This is an Eval Central archive copy, find the original at evalacademy.com.
In most evaluation plans, we try to define scope. Defining evaluation scope means putting boundaries around things like:
Time – defining what timeframe of the initiative you will include in your evaluation, or how long you will be undertaking evaluation work
People – deciding which clients’ or stakeholders’ perspectives will be included, and which won’t
Components – clarifying which parts of a program or initiative to evaluate, and which to exclude
The scope of your evaluation project should be clearly documented in your evaluation plan. That documentation will be important throughout the life of the evaluation project. As an example, here is a scope statement from one of our recent evaluation projects:
The scope of this evaluation will vary between operational phases. Generally, the scope will be limited to activities related to this initiative from Red Deer and north in Alberta, although some alignment of evaluation activities with activities in southern Alberta may be incorporated. While past programs and systems inform the initiative, this evaluation will not investigate any of those previous programs or services. This evaluation plan addresses Phases II (April 2021 – September 2022) and III (October 2022 – March 2024).
All evaluation projects face limitations in resourcing and feasibility. This evaluation will include all patients and providers participating in the initiative. Data elements will include what can be reliably reported by patients and providers through surveys and through patient interviews, as well as data captured in the pharmacy information platforms. All activity between project initiation (March 2021) and project close (March 2022) is within scope for this evaluation. The perspective of others in the healthcare system, including family physicians and health authority staff, are considered out of scope for this evaluation. Patient health outcomes are not in scope for this evaluation.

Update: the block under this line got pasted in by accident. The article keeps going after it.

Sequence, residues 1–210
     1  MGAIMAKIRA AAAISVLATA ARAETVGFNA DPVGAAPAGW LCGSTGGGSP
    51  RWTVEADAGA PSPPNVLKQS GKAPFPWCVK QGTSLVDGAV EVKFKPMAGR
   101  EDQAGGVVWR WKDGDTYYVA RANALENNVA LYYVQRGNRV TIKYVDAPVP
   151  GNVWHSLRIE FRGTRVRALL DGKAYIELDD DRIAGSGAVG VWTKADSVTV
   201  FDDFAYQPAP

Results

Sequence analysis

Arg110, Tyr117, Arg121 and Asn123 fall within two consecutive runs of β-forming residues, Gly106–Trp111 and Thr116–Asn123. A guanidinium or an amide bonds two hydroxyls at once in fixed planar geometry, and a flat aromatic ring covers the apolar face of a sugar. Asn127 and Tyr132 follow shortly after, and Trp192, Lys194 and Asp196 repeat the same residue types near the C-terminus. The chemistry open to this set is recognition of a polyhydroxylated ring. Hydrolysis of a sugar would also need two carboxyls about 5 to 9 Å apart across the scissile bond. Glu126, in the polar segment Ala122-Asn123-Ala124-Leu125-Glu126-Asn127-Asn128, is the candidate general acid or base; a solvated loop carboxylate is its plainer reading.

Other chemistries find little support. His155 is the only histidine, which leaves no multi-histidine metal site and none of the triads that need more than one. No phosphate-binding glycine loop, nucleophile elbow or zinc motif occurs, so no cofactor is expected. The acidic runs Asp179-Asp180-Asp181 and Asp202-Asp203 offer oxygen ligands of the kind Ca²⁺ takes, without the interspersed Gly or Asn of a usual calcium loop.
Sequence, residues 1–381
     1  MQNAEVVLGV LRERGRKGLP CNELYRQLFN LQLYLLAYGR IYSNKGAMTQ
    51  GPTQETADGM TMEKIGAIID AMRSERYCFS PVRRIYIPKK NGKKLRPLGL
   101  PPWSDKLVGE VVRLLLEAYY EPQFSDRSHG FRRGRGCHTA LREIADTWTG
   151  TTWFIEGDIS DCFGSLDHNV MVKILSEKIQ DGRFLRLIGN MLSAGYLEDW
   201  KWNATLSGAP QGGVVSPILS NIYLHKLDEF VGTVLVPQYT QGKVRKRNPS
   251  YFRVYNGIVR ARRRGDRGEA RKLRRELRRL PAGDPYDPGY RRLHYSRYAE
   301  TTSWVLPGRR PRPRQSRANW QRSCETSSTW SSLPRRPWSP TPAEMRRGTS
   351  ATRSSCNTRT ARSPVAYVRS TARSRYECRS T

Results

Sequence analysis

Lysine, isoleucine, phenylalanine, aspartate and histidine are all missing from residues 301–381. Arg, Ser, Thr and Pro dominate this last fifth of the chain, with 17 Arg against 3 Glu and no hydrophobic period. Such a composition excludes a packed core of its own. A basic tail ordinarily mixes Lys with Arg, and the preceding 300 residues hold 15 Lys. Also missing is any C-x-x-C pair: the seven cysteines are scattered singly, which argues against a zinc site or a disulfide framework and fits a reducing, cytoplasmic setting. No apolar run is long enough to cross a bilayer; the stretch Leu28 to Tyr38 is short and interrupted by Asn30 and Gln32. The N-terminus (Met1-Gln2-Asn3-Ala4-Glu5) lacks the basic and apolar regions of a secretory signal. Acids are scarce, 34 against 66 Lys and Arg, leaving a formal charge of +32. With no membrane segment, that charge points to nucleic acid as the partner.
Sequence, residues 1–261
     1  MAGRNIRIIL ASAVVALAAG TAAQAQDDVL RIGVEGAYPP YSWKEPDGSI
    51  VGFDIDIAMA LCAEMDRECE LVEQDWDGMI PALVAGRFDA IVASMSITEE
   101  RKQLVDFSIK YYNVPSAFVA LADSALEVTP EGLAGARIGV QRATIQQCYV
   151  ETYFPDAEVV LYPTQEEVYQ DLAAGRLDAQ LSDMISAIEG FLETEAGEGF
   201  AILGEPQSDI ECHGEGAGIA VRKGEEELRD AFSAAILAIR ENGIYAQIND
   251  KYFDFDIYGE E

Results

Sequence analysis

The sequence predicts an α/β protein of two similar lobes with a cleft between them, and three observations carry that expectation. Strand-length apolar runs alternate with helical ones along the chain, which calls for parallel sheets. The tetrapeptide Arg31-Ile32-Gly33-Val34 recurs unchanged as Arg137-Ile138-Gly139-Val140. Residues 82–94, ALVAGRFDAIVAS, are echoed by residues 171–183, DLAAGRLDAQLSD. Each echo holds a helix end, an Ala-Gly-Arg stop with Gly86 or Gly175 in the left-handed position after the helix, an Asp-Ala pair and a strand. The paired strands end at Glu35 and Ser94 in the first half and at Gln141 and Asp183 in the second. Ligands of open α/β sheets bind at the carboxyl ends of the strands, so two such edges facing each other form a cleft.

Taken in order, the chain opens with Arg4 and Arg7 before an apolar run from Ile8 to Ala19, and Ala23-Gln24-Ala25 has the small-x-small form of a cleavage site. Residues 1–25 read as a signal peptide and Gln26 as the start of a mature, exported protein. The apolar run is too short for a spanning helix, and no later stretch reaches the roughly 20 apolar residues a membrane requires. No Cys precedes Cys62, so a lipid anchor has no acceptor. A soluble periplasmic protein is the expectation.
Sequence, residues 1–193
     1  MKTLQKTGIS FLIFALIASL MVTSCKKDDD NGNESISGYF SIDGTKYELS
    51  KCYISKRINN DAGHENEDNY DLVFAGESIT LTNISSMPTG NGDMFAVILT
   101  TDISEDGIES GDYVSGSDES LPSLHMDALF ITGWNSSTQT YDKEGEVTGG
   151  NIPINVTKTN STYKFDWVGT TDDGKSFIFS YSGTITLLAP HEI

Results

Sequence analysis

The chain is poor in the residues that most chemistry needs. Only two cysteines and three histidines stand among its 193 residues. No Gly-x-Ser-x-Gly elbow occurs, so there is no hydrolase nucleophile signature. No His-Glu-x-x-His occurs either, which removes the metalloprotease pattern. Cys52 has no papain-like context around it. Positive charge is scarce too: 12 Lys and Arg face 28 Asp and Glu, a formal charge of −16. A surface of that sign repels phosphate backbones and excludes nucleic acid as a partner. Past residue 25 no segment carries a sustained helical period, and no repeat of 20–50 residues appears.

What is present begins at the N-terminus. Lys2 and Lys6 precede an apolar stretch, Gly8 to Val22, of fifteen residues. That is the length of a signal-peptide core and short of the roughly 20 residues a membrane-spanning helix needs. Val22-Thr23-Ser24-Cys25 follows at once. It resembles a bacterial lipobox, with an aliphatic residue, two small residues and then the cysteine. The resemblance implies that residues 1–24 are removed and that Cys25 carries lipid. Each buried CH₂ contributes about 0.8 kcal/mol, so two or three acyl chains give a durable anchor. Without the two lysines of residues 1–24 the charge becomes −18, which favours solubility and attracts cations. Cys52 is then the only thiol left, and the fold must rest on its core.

Ideally, our evaluation projects would proceed as planned. But as all project managers know, sometimes things change. Actually, most of the time, things change!
In some situations, our evaluation approach can be modified to adapt to the changing context, but in others, we have to say no to scope creep.
What is scope creep?
The term “scope creep” comes to us from the project management world. Definitions about, but essentially scope creep is when the project work begins to extend, or “creep,” beyond what was originally agreed.
Many evaluators will have received requests from clients to add in a thing or two here and there after the evaluation project is already underway – maybe another data source has surfaced, such as a survey run by a partner organization that seems relevant. Maybe they would like to add another stakeholder group to be interviewed. Or maybe they would like to include activity data from the last fiscal year, despite originally wanting to focus only on the current year. Some scope creep requests relate to reporting – an extra presentation here, a customized sub-report there.
Or perhaps it’s the evaluator that wants to expand the scope. You may have identified a new opportunity to strengthen your evaluation project by incorporating a new analytic approach, or early findings suggest there is merit in pursuing an additional line of questioning. There are times when expanding the original scope of an evaluation project can open up important insights that may have seemed inaccessible during the planning phase.